In 2010, when we started digging the trench for the wood kiln, we found a seam of clay from about 60cm – 90cm down. This 30cm thick seam stretched as far as we dug, but with varying levels of iron. I ended up keeping a few hundred kilos of the lightest stuff, and it has been taking up space in bags that have been slowly decomposing over the last 3 – 4 years.
Finally, I rallied the gumption to get that big pile of clay moved today. First, I built an enclosure on the edge of the property behind the kiln chimney, then I started shoveling. The bags were so far gone that they just tore apart if I moved them, so there ended up being very little heavy lifting.
I recently came into a big load of boards used by roadside crews to build temporary retaining walls. They are nice sturdy pine boards (2 1/2 inches thick) and are great for all sorts of projects, although they are not all that great looking.
I ended up just pounding in some steel stakes and tying the boards to them. I looked for some little screw-in brackets to go around the rods and onto the wood, but alas this is Taku, and none of the hardware stores had that sort of hardware. This happens often, and my go to solution is almost always the same: stainless steel wire. It is cheap, comes in various thicknesses, and pretty much lasts forever once in place.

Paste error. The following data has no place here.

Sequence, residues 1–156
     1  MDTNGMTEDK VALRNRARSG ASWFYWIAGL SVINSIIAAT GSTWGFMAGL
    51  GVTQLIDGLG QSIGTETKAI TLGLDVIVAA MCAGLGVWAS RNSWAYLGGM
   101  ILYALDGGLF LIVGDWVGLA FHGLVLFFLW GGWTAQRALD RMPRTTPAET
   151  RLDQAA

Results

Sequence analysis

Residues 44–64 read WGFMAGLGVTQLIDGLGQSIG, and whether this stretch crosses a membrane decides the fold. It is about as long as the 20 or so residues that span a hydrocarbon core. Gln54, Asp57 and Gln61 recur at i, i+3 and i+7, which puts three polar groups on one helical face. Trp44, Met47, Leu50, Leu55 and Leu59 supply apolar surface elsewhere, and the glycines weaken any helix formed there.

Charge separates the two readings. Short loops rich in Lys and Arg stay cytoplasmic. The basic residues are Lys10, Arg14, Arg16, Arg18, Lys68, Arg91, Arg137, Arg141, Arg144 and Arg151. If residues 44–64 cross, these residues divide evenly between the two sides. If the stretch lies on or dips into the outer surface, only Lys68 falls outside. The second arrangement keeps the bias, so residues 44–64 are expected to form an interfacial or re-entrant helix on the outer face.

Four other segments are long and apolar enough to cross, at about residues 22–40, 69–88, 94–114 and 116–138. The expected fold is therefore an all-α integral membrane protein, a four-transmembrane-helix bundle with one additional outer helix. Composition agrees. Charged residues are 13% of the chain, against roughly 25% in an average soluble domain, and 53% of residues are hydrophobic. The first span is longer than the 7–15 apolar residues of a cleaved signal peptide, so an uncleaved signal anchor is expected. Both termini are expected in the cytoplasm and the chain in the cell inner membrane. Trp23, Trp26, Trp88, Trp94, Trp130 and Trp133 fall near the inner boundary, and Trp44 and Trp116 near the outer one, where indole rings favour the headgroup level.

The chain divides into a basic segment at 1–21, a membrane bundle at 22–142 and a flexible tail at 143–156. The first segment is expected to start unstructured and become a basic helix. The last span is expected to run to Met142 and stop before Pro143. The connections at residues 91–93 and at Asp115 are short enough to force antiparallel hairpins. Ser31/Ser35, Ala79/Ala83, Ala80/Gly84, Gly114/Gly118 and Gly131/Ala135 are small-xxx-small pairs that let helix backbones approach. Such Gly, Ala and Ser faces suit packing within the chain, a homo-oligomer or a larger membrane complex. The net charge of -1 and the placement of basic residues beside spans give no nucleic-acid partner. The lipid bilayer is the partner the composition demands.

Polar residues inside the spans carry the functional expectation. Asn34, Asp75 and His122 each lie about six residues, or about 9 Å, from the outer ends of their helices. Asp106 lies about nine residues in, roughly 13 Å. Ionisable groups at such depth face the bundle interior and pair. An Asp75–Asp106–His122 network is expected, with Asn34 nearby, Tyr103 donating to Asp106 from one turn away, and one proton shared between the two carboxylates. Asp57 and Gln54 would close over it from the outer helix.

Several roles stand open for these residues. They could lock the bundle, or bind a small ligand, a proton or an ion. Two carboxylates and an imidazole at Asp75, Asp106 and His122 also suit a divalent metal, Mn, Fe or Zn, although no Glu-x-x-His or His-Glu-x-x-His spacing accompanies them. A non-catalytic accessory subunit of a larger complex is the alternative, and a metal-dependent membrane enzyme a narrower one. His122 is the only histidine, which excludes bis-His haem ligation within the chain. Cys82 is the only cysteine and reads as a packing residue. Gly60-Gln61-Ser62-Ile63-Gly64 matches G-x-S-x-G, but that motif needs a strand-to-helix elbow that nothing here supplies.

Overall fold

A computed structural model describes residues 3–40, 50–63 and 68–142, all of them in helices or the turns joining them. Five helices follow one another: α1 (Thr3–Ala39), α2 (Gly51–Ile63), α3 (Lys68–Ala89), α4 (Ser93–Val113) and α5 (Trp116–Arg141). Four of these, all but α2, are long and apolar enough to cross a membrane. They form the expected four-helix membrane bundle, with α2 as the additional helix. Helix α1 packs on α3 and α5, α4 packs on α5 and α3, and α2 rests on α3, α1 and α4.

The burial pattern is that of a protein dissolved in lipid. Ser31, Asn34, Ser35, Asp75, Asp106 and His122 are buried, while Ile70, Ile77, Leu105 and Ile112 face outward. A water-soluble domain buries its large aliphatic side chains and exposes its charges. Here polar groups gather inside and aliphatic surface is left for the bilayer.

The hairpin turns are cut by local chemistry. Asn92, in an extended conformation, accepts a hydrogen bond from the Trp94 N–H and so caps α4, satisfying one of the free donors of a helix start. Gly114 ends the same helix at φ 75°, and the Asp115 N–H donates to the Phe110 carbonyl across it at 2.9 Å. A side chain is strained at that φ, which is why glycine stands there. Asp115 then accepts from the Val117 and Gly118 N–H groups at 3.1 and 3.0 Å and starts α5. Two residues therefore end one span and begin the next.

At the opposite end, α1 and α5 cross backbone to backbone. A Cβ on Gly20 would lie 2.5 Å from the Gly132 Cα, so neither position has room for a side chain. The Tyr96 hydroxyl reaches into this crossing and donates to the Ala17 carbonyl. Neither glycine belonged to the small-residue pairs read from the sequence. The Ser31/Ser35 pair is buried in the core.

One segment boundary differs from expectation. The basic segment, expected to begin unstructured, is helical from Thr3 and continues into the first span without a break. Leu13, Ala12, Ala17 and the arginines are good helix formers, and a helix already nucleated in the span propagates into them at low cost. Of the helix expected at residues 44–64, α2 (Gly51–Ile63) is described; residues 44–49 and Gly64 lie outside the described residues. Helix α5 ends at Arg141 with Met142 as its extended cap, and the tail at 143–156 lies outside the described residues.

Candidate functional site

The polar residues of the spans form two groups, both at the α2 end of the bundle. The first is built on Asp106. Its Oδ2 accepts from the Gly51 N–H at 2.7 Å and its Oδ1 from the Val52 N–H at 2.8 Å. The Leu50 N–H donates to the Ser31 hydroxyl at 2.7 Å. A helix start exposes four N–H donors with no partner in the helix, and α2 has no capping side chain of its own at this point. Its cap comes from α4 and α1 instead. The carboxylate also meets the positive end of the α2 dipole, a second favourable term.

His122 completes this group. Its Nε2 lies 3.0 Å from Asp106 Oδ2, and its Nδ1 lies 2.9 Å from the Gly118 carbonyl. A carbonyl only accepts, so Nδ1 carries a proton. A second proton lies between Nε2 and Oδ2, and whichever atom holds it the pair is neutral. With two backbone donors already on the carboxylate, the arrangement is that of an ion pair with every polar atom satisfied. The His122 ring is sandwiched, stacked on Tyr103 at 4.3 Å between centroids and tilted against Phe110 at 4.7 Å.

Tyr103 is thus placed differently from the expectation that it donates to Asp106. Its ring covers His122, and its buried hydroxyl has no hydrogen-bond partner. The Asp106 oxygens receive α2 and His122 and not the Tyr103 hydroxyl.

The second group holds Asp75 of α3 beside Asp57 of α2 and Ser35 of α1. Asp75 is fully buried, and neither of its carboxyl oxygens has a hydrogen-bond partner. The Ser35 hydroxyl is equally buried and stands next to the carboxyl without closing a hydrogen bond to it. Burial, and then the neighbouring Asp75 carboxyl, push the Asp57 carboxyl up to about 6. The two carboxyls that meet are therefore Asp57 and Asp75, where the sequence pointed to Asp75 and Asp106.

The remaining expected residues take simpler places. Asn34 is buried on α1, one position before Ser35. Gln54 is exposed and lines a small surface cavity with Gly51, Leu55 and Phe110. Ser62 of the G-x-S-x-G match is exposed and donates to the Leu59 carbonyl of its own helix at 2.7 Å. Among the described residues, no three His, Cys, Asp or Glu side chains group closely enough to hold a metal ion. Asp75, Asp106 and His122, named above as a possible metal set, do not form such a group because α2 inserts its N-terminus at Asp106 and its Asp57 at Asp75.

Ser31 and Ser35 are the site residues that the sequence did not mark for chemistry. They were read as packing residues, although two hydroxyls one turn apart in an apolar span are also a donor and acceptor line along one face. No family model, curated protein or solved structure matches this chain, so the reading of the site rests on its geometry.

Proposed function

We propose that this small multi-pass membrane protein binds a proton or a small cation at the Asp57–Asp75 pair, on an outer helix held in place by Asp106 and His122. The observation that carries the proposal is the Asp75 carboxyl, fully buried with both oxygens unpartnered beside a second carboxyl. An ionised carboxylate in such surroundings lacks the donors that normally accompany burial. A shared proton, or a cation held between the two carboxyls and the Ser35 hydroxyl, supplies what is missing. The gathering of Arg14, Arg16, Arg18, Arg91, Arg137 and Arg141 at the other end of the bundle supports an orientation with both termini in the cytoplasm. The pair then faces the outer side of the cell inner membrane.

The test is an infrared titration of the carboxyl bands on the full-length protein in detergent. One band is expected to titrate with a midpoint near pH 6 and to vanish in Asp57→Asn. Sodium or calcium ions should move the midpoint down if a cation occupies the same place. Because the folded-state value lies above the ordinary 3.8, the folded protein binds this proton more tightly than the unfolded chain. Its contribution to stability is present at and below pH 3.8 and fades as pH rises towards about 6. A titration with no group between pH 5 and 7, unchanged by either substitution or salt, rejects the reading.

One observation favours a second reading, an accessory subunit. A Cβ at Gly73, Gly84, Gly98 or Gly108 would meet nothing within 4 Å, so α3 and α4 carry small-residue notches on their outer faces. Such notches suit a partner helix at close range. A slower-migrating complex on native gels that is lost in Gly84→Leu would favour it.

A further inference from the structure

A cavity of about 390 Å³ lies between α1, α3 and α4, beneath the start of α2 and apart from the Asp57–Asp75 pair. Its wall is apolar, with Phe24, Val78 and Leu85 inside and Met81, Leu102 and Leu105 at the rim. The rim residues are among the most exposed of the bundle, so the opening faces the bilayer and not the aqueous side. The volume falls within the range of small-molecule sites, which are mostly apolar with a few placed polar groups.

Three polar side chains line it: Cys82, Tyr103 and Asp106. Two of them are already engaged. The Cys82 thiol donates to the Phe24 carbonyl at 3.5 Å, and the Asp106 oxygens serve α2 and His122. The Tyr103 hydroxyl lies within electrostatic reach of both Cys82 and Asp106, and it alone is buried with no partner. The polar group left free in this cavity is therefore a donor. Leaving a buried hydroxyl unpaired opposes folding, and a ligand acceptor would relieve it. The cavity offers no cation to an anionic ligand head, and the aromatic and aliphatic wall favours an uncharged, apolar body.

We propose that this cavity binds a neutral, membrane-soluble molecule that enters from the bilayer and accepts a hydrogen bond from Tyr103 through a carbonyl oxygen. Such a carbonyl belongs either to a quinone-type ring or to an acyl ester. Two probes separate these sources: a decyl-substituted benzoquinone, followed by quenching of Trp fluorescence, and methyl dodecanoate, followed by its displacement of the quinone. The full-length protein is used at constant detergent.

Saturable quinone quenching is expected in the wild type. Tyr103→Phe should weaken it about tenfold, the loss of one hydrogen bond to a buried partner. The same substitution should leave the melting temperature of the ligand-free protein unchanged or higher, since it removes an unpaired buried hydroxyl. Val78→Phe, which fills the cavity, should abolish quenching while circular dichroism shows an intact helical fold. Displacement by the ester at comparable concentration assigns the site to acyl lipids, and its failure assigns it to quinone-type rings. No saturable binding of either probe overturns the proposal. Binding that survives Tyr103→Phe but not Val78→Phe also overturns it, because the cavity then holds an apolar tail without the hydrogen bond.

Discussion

Once two sides were finished, I had a place to put clay, but the storage area is not quite finished. I still plan to put in one or two dividers, so that I have 2 or 3 sections for storing different types of clay. Here is what it looks like so far:
The clay that is still in bags came from about 200 meters away, from the farm reservoir. We drain and muck it out once every 2 years, and that is when I discovered the clay seam. It is not very refractory clay, but it makes very nice pots if fired to the proper temp.
During the process of moving all of this clay, I ended up killing 4, count ’em 4, centipedes , ranging from medium to gargantuan. Normally I would let them go, but lately I’ve been getting a lot of them in the workshop, and they have a very nasty bite.